On the night of Saturday the 10th at 7:30 pm, The Great Hall hosted the first public performance of the musical A History of Summer. One of the three works included in Summerworks‘ Musical Works in Concert program this year, A History of Summer follows the lives and loves of LGBT vacationers on Fire Island over more than a century. The success of this epic musical as a concert-style performance makes me eager to see a full stage performance.
Fire Island, a long and narrow barrier island on the south coast of Long Island facing the Atlantic, that has been a major destination for visitors from New York City since the mid-19th century. From the 1930s on, it has also hosted a sizable contingent of LGBT visitors from New York who have taken advantage of the island’s distance from New York City to make it a space where they can be open about their likes, loves and lusts. The action of the musical traces the island’s evolution as a place for LGBT freedom, starting in 1932 with the visit of couple Stephan and John and continuing through to the present day. Hurricanes, the Second World War, the development of the gay rights movement, the HIV/AIDS epidemic, and the push for same-sex marriage–all leave their own imprints on the island and its people.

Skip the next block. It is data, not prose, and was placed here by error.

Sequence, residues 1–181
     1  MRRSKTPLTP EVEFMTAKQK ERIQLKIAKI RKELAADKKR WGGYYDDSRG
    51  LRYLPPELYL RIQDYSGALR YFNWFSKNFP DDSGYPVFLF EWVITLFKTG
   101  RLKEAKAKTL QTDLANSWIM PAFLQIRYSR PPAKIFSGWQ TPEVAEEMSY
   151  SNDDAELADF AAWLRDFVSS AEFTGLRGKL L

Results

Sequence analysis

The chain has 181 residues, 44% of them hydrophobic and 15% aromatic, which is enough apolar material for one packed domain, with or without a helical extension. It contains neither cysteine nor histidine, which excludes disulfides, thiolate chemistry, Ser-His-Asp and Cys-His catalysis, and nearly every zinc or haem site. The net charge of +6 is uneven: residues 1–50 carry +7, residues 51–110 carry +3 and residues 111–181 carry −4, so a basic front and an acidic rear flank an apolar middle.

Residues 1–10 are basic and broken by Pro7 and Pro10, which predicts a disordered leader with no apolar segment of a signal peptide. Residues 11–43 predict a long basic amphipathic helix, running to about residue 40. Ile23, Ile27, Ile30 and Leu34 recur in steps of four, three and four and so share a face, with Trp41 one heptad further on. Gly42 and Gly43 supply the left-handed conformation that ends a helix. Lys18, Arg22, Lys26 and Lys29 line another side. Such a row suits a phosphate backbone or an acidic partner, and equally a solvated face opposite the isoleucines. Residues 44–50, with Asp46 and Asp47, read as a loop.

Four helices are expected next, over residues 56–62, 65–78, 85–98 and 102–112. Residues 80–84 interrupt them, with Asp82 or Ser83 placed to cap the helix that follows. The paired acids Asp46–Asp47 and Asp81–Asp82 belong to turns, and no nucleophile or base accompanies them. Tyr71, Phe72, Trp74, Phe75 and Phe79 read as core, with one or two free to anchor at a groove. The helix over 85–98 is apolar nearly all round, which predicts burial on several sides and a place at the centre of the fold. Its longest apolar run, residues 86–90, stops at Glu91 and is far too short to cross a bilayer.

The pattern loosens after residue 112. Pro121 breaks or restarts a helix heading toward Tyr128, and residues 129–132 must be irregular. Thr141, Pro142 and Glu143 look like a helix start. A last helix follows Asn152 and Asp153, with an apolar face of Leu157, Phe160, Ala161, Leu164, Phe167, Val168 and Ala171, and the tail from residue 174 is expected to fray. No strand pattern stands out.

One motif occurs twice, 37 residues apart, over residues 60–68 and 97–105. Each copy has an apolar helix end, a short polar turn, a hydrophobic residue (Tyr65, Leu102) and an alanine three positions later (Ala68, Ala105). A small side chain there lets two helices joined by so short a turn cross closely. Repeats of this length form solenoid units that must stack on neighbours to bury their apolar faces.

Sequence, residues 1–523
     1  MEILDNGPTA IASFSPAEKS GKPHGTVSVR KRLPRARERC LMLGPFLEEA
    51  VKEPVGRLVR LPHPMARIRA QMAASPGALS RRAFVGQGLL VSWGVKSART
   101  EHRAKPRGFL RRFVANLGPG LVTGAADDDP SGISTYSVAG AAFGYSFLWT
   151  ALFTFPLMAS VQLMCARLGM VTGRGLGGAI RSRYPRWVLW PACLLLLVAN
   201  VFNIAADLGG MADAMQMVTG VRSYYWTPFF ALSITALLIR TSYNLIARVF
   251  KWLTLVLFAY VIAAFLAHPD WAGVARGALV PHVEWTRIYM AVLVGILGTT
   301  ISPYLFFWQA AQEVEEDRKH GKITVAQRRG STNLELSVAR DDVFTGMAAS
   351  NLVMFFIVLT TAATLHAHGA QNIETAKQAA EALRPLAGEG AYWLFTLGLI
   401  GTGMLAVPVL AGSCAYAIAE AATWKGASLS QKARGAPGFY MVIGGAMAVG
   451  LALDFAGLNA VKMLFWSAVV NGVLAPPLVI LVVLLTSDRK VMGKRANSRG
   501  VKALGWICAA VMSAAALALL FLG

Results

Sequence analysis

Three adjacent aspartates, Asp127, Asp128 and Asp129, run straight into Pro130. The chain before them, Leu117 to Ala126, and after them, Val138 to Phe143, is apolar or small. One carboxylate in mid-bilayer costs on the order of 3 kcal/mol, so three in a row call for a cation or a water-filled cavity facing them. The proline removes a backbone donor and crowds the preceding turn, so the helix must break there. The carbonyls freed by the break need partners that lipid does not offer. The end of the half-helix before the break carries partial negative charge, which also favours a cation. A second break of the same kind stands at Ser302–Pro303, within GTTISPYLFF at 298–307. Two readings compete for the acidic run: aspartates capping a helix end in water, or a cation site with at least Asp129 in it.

A History of Summer is a well-constructed musical. The sweeping arc of LGBT history in the past century of North America, from oppression and forced invisibility to openness and the approach of full equality, is perfect for storytelling. Focusing on the evolution of a single community like Fire Island is a good way to make the breadth of this story dramatically manageable, while the story of Fire Island itself as a place that has survived multiple catastrophes only to rebuild successfully each time is equally compelling.
The many different individual stories featured in this musical are well-chosen, compelling and frequently funny. There’s the embattled married couple Beatrice and Raymond, who party in 1938 while a hurricane rages outside, or Danny and his sister Jean who visit Fire Island a decade later, where he lucks into a career in the theatre while she gets to pine over the unattainable men, or Randy in 1964 who learns Mattachine Society while his friend Chad cavorts in the infamous Meatrack. Stephan and John are present throughout, living testimony to the community’s active and evolving history.
Musically and script-wise, A History of Summer is quite solid. With its book and lyrics written by Adam Mathias and the music by Jonathan Monro, A History of Summer has plenty of catchy, witty songs in a variety of different musical genres. Individual performances were also uniformly strong.
In A History of Summer, the story of Fire Island has receieved the frank, smart, and funny show it deserves. I look forward to seeing this musical performed again with the full theatrical production it deserves.
Photograph courtesy of SummerWorks